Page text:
The influence of substrate temperature on the composition and thickness of the films was investigated, and the results are displayed in Figures 5 and 6. TiNi thin films were deposited at a target-substrate distance of 30 mm in 200-mTorr Ar atmosphere and under vacuum. The substrate temperatures were changed from room temperature to 600°C. From the results of Figure 5, it is found that all the thin films have compositions close to the target composition regardless of the substrate temperature in 200-mTorr Ar atmosphere. In the case of TiNi films deposited under vacuum, the composition of the thin films is influenced by the substrate temperature. Lu et al.  reported that substrate temperature influences the composition of the TiNi thin films deposited by PLD under vacuum. Our result in Figure 6 implies that the composition of a TiNi film can be precisely controlled without bothering the substrate temperature using PLD when the TiNi thin films are deposited at the shock front in 200-mTorr Ar atmosphere. Figure 6 shows the thickness of the TiNi films deposited in 200-mTorr Ar atmosphere and under vacuum at various substrate temperatures. The film thickness is found to be almost constant (about 350 nm/1 μm) when the initial substrate temperature is lower than 500°C. However, when the temperature of the substrate becomes 600°C, it increased up to 570 nm and 2.6 μm. The reason of the drastic increase of thickness at 600°C is believed to be due to the fact that Ti particles react with oxygen, producing TiO2 as mentioned in the XRD data in Figure 4.
In order to investigate the influence of ambient Ar gas on the composition, thickness, and in-situ crystallization of TiNi thin films, the TiNi films were fabricated by PLD method under vacuum (5 × 10-6 Torr) and in 200-mTorr Ar atmosphere. The deposited films were characterized by EDXS, a surface profiler, and XRD at room temperature. The results are summarized as follows: (1) The thicknesses of the thin films were found to be larger in an Ar gas atmosphere due to the influence of the shock front. (2) In the case of the thin films deposited in an ambient Ar gas, the compositions of the films were found to be very close to the composition of target when the substrate was placed at the shock front. (3) The in-situ crystallization temperature (ca. 400°C) of the TiNi film prepared at the shock front in an ambient Ar gas was found to be lowered by ca. 100°C in comparison with that of a TiNi film prepared under vacuum. (4) The composition of the TiNi thin films deposited on Si substrates at various temperatures from room temperature to 600°C was close to the composition of target, regardless of the substrate temperature. (5) When the temperature of the substrate becomes 600°C, the thickness of the TiNi thin films is largely increased because Ti particles react with oxygen, producing TiO2.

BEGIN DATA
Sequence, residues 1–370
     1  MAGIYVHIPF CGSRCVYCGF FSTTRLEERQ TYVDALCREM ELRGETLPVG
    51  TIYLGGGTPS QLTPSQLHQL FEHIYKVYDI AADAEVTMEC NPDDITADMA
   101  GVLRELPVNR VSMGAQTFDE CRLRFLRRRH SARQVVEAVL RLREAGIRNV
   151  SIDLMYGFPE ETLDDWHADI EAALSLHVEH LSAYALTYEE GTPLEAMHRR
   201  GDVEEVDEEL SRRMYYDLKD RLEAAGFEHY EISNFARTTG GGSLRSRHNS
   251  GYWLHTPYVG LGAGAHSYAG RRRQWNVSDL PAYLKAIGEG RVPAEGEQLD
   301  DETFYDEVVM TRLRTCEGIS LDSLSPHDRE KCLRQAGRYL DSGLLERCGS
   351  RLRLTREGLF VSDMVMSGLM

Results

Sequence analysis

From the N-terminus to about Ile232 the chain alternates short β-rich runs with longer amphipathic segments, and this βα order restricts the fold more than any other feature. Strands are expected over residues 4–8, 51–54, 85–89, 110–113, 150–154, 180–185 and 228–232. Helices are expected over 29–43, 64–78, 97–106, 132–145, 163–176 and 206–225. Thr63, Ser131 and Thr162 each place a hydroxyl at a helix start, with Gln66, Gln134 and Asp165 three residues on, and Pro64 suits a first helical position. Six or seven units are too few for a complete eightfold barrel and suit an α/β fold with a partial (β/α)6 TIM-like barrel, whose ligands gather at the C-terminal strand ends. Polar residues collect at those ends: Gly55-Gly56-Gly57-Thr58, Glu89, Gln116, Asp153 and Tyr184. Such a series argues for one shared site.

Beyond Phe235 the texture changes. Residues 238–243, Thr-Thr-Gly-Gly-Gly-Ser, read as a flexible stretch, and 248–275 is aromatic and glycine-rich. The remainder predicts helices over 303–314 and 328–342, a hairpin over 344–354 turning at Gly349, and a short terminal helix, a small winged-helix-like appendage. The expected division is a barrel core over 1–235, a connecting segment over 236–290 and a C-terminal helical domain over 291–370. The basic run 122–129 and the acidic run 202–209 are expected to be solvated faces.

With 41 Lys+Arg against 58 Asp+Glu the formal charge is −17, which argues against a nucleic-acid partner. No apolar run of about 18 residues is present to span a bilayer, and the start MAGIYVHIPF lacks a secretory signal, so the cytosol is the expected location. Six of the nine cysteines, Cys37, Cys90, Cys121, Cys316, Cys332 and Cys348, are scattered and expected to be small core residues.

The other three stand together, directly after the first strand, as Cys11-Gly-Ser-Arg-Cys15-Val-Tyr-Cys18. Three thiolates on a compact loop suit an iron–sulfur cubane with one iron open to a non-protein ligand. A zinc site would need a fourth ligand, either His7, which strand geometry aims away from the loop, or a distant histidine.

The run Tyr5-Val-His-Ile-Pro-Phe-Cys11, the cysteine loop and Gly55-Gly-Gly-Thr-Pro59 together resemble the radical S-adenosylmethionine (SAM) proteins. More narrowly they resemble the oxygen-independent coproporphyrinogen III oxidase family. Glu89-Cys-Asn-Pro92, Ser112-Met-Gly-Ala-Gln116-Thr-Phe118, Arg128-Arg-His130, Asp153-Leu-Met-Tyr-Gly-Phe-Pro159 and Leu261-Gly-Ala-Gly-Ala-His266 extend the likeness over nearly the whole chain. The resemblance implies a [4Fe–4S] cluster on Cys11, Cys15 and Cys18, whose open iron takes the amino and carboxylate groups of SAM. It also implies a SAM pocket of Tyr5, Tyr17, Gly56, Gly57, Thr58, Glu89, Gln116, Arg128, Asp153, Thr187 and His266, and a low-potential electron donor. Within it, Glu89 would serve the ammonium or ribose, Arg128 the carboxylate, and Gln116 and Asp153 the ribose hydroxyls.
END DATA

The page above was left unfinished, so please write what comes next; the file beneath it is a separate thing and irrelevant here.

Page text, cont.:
This research was supported by the Pioneer Research Center Program through the National Research Foundation of Korea funded by the Ministry of Education, Science and Technology (grant number 2000073).
Department of Physics, Kyung Hee University
School of Nano and Advanced Materials Engineering, Gyeong Sang National University